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Parents win key victory in fight to stop Ocado hub beside school in north London

Jonathan Prynn
·2-min read
Concerned: children wear face masks and wave placards in protest
Concerned: children wear face masks and wave placards in protest

Parents campaigning against a proposed new delivery hub for Ocado close to a primary school have claimed a major victory after the local council made a key ruling against the plans for the site.

Islington council said it has revoked the “lawful development certificate” for the depot at the Bush Industrial Estate, which Ocado hoped to use for its new same-day delivery service for Marks & Spencer. The scheme infuriated parents at nearby Yerbury Primary School in Tufnell Park, who claimed traffic and fumes from diesel vans and pumps posed a threat to the health of 450 children.

Following a legal challenge from the so-called “NOcado” campaign, the local authority’s legal team has written to the landlords of the site, property giant Telereal Trillium, to inform them that some of the information submitted with the application about the past land use of the site “was false”.

The ruling was welcomed by parents and staff, who called on Ocado to halt the plans and apologise to the school.

A statement on NOcado’s website said: “The revocation is a hugely important milestone in the campaign to stop Ocado opening up the damaging 24/7 depot next to the school, but is unlikely to be the end. Ocado may take the council to the High Court to try and overturn the decision or they may put in a fresh planning application, or both.”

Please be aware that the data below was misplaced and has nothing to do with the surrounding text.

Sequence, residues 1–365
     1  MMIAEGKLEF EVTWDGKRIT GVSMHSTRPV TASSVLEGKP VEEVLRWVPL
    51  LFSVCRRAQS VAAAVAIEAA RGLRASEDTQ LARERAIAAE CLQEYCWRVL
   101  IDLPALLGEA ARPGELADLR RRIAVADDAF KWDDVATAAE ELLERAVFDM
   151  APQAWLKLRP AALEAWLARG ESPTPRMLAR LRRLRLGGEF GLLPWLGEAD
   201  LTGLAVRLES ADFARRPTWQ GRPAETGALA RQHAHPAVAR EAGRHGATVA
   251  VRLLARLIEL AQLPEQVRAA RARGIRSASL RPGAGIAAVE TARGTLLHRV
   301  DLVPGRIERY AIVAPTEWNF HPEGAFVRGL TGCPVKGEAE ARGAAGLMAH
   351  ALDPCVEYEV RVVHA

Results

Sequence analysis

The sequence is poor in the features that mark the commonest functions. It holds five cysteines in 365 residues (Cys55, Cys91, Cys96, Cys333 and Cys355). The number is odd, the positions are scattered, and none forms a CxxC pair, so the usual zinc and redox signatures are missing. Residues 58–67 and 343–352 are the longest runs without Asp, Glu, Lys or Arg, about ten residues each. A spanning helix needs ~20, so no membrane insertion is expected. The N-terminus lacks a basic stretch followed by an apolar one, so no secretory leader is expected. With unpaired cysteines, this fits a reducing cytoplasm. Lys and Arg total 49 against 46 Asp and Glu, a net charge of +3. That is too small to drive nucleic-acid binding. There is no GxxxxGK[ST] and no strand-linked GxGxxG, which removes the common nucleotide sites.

Headteacher Cassie Moss said: “While the council’s call to revoke Ocado’s licence is due to the withholding of important information, with the site being just three metres away from the playground of 450 primary school and nursery children, it should never be acceptable to put expansion ahead of community health.”

Andrew Grieve, an air pollution scientist at Imperial College London and a parent at the school, said: “We’ve known for some years now that air and noise pollution can harm children’s physical and mental development. If the Mayor’s green design policies and Islington’s own development guidelines mean anything, this development must be refused to protect the children and residents. Ocado can find another site. The children cannot find another school.”

A spokesperson for Ocado said: “Ocado is committed to being the best possible occupant of the site at Tufnell Park. The area is currently designated as a Locally Significant Industrial Site; our plans ensure it will be one of the greenest and quietest grocery facilities in the UK but we will continue to listen and respond to any concerns.

“We are disappointed by the council’s decision to revoke the site’s certificate of lawfulness and we are considering all options with the landlord.”

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